This pain enveloping my heart
Is nearly too much to bear
It’s crushing weight is
Squeezing pain out my eyes and
Air from my lungs
This hole, this void
Is eating away at me as
Each second becomes harder to
Withstand in the silence of the night
This absence that will never be filled
Is breaking me in two
If only I could turn
The clock to a happier time
A warmer place
A time where I could save you
One void of your suffering
One absent of all our pain.
When my life ended, it wasn’t the creaking of the stairs that warned me too late. It wasn’t the flickering of lights, or the unnatural draft blowing through the room. Not the fear in my belly, or the sense of being watched. I didn’t hear voices and ask who’s there. No. I didn’t creep in the dark of a haunted house.
When I died, it was the breath on my neck, the stab of the knife in my back, the pain that brought me to my knees. That’s what warned me too late.
It was the machete you plowed through my center, the one we used to hack away at the overgrown vines on the door. I didn’t have a cliché horror movie moment where the viewer yells “He’s behind you.” No, your betrayal made no sense. The shock of it left me in pieces as you stomped your way through my escaping blood. The laughter coming from your gut chilled the last remaining heat from my body as I lay lifeless. My last sight was your retreating figure not looking menacing at all, but rather joyful. My heart beating quickly at the rapt confusion pushed what blood I had left at your distant feet. My body cold, my life extinguished.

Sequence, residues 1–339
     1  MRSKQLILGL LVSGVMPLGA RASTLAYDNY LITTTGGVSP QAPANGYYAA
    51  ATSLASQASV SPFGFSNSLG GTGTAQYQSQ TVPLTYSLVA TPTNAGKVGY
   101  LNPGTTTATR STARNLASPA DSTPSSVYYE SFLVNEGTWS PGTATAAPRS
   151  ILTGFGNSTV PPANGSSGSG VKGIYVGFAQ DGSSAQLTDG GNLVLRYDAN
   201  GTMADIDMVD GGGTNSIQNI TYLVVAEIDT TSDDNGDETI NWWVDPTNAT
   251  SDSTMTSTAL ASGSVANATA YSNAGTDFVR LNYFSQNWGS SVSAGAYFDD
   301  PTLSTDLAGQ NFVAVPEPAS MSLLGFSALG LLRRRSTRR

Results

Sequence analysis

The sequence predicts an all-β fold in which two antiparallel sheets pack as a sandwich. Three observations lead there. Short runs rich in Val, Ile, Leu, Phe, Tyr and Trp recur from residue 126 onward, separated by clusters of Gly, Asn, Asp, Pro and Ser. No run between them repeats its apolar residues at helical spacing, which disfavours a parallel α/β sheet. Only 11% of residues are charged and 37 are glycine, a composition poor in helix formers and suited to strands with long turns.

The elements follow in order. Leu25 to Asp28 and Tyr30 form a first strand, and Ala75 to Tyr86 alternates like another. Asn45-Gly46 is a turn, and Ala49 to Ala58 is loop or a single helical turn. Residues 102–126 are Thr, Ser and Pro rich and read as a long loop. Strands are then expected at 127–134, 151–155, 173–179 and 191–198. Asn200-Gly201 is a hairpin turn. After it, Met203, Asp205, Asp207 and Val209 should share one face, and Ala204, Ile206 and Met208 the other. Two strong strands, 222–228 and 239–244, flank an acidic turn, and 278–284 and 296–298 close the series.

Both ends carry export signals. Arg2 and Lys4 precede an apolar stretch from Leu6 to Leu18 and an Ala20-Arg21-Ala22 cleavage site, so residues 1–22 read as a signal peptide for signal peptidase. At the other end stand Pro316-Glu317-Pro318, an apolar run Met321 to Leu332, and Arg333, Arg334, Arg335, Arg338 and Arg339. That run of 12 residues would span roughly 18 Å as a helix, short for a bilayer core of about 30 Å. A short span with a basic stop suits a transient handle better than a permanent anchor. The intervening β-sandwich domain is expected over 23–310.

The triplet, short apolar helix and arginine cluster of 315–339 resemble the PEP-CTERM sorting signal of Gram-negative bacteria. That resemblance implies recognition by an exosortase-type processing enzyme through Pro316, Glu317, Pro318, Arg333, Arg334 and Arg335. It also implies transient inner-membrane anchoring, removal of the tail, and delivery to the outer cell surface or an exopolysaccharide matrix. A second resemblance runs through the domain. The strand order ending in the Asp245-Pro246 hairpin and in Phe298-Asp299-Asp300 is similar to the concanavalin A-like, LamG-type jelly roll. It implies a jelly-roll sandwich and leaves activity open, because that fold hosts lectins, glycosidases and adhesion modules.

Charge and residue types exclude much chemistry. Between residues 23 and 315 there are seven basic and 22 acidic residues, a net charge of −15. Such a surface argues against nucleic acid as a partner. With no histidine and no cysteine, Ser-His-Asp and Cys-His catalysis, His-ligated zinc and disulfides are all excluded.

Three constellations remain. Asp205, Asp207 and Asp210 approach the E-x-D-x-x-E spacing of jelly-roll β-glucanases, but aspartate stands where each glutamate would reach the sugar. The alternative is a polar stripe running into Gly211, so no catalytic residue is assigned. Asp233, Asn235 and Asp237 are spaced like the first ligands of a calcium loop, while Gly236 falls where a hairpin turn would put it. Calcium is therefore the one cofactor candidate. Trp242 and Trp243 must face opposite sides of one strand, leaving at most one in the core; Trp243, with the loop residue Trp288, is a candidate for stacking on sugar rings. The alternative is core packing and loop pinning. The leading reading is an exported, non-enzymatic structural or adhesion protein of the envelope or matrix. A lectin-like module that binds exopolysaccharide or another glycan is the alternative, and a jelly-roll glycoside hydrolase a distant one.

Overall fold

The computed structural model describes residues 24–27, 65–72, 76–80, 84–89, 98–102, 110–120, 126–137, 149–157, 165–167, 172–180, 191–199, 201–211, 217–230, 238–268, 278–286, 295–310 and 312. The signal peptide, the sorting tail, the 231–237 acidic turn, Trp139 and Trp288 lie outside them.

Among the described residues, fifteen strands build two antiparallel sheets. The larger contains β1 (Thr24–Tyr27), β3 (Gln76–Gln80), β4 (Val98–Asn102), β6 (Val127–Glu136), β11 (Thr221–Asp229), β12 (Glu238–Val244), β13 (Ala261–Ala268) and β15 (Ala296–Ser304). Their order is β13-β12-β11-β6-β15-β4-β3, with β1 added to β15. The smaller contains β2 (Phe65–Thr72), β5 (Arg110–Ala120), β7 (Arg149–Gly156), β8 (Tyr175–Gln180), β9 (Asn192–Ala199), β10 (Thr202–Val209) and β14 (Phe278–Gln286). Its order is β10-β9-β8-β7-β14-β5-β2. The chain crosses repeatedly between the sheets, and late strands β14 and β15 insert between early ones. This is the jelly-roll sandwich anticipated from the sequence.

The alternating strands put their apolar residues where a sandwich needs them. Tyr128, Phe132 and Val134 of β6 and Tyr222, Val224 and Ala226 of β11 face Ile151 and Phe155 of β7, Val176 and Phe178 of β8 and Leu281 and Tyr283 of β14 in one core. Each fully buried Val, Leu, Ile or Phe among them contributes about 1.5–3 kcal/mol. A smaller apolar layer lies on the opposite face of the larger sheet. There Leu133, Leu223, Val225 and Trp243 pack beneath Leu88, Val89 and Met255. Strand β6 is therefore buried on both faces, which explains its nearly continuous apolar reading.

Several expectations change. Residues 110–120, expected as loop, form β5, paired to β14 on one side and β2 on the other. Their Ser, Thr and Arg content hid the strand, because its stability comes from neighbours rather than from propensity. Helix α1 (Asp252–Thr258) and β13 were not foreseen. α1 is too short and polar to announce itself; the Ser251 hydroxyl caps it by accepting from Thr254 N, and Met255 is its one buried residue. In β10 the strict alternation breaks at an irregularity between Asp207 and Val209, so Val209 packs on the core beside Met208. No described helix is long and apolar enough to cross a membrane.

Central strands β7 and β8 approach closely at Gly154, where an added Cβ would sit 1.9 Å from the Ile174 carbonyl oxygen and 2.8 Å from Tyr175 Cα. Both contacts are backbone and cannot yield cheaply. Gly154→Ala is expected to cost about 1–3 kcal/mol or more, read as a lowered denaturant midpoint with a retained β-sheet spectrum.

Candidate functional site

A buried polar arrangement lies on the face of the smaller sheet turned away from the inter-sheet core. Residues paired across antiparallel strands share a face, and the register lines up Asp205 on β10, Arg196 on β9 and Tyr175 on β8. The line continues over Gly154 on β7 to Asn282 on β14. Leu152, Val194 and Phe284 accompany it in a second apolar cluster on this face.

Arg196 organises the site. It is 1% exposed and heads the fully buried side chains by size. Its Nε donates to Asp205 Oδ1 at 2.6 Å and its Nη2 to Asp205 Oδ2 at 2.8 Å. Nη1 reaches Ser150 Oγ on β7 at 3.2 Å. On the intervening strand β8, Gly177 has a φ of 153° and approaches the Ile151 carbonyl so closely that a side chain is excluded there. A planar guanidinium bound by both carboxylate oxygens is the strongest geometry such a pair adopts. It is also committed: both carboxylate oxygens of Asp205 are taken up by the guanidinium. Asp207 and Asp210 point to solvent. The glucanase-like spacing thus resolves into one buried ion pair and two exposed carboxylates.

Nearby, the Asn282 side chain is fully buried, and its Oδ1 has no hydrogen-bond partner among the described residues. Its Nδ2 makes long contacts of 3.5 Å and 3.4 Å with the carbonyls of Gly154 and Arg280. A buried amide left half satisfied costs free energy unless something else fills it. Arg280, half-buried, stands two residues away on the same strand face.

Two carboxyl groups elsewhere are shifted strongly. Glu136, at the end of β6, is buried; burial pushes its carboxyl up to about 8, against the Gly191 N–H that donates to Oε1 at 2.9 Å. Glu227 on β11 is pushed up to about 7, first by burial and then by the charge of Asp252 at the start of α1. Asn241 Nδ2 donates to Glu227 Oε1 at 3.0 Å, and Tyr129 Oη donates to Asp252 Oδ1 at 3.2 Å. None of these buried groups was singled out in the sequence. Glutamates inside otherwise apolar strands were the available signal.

10 some odd years ago life dealt me a hand I thought I’d never survive. The day began in dread but the sun didn’t know that. The birds sang happily, people were enjoying their summer, and tourist were oblivious to the pain of my life.
It was my last place to stay. A place that should have bridge the gap between escape and freedom. I was being forced out.
6 a.m. I awoke, grabbed my children, babies rather, and strapped them into the cumbersome double stroller. All my possessions in that one child carring device. I had to dress and change them in the bathroom of a grocery store. The reality of it hit home, hard. Tears found a path down my face as I did my job as a mother. Wiping them clear, I squared my shoulders, lifted my head and made my way out of the store and in search of the person that could have saved this from ever happening. My mother.
With the heat beating down on us, I walked several miles to the home I escaped from in the first place. Not to live, but to contact a person she disliked. That person was my only hope remaining. Four states away, my life would have to start over. ..again.
Through my toughest trial, the sun shined happily in the sky. Not at all sympathetic to my life. Each year I remember as that traitorous sun shines happily and find peace in the rain.